According to the semi-mythical 13th-century Icelandic text, Egil’s Saga, a woman named Thora of the Embroidered Hand lived with her brother, Thorir Hroaldsson the Hersir, on their family farm in Fjordane, Norway, sometime during the 10th century. Thora was a great beauty and her brother, Thorir, was very protective of her. On one fateful day, a certain man named Bjorn Brynjolfsson landed his ship in Fjordane. He was a Viking raider and a merchant, often using the former profession to support the latter. While he was staying in the region, Bjorn caught sight of Thora and became immediately obsessed. He asked around and found out that her guardian was her brother, Thorir. Bjorn immediately sought out Thorir Hroaldsson and asked for permission to take Thora as his bride. Thorir, either for his own sake or for his sister’s, refused Bjorn’s request and sent the man on his way.
Bjorn set sail, but his mind was still set on the woman he had seen. For the next few months, he recruited sailors until he had a full crew for his ship. Then, he navigated his way back to Fjordane and scoped out Thorir’s farm. Finally, on a day when Thorir left the farm to do business, Bjorn and his crew charged in and kidnapped Thora of the Embroidered Hand. With his stolen bride onboard, Bjorn sailed back to his own family farm in Aurland, Norway.
When Bjorn’s father, Brynjolf, heard about what happened, he was extremely angry. For one, Brynjolf was a long time friend of Thorir Hroaldsson. Even worse, Thorir was a great friend of King Harald Finehair, the first man to unite Norway under one monarchy, following his victory at the Battle of Hafrsfjord in the year 885. Trying to do some damage control, Brynjolf proclaimed that while Thora was in his household he would regard her as his biological daughter and demanded that Bjorn treat her as a sister. Bjorn apparently agreed to this illusion, but he utterly refused any mention of sending Thora home. In the meantime, Brynjolf, wrote soothing words to Thorir, promising that he would solve the situation.
Eventually, Brynjolf decided that Thorir needed to go abroad. In exchange for letting Thora stay behind, soon to be sent home to Thorir, Bjorn received a good trading ship and a load of cargo, which he was supposed to bring to Dublin, Ireland. Bjorn agreed to the proposal and hired a crew for the ship. He decided to take one detour, however, before he set off for Dublin. The crew snuck into where Brynjolf had stashed Thora and, after giving her some time to pack, Bjorn kidnapped her for a second time.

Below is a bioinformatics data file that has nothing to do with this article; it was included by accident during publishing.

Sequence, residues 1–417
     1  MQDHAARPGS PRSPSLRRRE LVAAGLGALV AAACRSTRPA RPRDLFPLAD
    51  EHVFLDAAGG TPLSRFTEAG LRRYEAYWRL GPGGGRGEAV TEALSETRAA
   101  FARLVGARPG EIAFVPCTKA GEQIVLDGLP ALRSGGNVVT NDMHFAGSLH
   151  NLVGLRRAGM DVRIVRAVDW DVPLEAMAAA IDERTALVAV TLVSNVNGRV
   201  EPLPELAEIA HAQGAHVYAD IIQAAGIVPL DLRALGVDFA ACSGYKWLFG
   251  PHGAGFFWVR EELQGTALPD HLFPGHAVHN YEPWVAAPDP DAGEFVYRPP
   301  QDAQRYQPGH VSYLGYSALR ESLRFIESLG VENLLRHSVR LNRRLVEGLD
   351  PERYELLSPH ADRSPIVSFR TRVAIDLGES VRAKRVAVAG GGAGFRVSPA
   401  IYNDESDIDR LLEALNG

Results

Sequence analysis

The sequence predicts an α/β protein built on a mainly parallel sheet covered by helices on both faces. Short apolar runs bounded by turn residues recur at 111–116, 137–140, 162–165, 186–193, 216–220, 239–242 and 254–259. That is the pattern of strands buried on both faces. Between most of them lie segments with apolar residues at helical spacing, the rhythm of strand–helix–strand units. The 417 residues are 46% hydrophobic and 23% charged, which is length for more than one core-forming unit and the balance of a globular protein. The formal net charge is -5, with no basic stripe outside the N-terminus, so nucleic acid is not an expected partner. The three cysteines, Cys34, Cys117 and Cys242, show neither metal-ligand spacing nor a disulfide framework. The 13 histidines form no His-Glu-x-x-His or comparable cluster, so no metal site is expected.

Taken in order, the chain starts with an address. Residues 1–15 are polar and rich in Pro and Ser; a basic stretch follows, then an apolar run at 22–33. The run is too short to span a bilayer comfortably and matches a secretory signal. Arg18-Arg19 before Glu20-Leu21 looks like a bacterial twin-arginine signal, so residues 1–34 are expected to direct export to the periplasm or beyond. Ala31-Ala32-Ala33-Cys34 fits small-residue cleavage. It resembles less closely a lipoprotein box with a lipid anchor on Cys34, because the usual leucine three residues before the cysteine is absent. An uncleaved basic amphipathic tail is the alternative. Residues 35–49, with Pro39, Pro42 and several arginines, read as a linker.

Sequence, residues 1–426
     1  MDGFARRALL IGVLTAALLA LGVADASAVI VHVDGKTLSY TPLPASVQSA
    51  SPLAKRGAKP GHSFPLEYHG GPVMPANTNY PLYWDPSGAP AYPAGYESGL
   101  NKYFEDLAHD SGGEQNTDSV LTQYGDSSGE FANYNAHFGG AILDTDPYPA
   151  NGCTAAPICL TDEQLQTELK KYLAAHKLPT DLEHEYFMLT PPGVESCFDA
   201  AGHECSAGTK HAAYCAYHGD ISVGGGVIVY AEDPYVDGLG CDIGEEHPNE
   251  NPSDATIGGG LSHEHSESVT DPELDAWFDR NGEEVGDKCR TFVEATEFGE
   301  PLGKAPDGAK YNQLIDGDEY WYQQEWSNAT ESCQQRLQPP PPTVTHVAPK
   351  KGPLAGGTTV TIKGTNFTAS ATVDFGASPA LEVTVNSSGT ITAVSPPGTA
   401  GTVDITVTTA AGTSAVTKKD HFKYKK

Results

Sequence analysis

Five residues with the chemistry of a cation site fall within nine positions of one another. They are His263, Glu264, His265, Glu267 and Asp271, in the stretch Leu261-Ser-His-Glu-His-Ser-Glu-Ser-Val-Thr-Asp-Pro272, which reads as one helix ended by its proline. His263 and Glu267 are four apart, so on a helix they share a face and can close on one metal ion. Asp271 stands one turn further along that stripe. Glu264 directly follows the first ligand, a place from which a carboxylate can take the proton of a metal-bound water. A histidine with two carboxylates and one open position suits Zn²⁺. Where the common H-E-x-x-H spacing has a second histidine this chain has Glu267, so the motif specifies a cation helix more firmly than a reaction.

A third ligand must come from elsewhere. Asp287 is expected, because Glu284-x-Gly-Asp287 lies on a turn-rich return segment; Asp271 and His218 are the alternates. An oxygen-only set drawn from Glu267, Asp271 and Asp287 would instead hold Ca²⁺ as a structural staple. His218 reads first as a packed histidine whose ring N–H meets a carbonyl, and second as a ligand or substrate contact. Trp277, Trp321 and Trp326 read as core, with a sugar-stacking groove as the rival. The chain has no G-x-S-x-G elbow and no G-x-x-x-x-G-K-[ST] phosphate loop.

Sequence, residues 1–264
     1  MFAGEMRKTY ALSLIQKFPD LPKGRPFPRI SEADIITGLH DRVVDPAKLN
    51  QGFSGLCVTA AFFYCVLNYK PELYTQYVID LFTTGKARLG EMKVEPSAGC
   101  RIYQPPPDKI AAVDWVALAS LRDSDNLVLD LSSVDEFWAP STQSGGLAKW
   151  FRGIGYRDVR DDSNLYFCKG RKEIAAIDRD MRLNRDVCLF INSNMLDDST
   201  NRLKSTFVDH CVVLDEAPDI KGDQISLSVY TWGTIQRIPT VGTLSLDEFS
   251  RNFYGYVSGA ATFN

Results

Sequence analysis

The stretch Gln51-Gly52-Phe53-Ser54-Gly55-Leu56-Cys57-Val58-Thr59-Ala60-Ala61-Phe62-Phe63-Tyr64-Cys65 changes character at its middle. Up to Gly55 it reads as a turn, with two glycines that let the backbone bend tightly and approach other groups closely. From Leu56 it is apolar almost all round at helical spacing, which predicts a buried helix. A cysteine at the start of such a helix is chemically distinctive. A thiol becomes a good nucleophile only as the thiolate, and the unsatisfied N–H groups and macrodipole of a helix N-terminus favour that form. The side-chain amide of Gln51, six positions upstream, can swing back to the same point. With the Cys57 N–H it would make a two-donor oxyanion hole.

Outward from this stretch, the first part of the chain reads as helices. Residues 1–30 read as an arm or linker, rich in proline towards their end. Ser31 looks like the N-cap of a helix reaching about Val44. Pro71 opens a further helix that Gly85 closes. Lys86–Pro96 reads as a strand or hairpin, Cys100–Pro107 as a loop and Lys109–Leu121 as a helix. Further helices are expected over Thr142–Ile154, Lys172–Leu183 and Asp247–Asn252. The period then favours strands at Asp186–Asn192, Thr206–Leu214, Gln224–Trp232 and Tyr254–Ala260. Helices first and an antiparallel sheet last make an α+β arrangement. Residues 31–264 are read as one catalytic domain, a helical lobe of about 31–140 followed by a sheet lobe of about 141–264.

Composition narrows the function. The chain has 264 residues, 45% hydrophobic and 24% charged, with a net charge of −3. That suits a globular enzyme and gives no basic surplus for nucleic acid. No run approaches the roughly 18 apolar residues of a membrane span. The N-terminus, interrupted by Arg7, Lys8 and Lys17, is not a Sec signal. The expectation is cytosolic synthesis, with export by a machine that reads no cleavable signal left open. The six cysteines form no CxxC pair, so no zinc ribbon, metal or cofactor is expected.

After this second audacious kidnapping, King Harald Finehair sent out messengers to the Shetland and Orkney Islands, as well as Dublin, declaring that Bjorn Brynjolfsson was a wanted man, dead or alive. Despite this, Bjorn and his crew managed to successfully land at Mousa, one of the Shetland Islands. After spending the winter there, and performing some sort of wedding with Thora, Bjorn set sail for Iceland. Pushed by powerful gales of wind, his ship randomly found itself in the Borgarfjord region of western Iceland, where Skallagrim, the father of the famous Viking Poet, Egil Skallagrimsson, had founded a settlement populated mainly by Norwegians displaced by Harald Finehair.
When Bjorn met Skallagrim for the first time, he wisely kept recent events to himself. Not only was Skallagrim a friend of Brynjolf, but he also considered Thorir Hroaldsson to be like a foster brother. Thinking that Bjorn and Thora were an ordinary married couple, Skallagrim welcomed the pair into his settlement and gave them farmland. As time went on, Skallagrim eventually found out the truth, that Thora had been kidnapped and married without the permission of her family. He was furious, but Bjorn had already made friends in Iceland, most notably Skallagrim’s own son, Thorolf. In addition, Thora gave birth to a daughter named Asgerd during her stay in Iceland, and Skallagrim’s wife, Bera, quickly became fond of the girl.
Eventually, Skallagrim mended the feud between Bjorn, Brynjolf and Thorir. With his vassals happy, Harald Finehair allowed the outlaw to return to Norway, if he so pleased. Bjorn was said to have eventually befriended Thorir, despite the unorthodox way their dramatic relationship began.
With the dispute ended, Bjorn and Thora returned to Norway. Curiously, they left their daughter Asgerd behind in Iceland to be raised by Skallagrim’s wife, Bera. There is no way to know how Thora of the Embroidered Hand felt about leaving her daughter behind, or about any of the events that had happened in her life—her thoughts and feelings were not recorded. Her daughter Asgerd, would be treated in a similar fashion later on in the saga; her emotions were withheld from the reader as she was married first to Skallagrim’s eldest son, the handsome Thororlf, and, after his death, her brother, Thorir, had her marry the notoriously ugly poet, Egil Skallagrimsson.
Written by C. Keith Hansley
Picture Attribution: (Ingeborg, painted by Peter Nicolai Arbo (1831–1892) on top of a seascape by John Brett (1831–1902), both [Public Domain] via Creative Commons).
- Egil’s Saga (recorded c. 13th century possibly by Snorri Sturluson), translated by Bernard Scudder. New York: Penguin Classics, 2004 edition.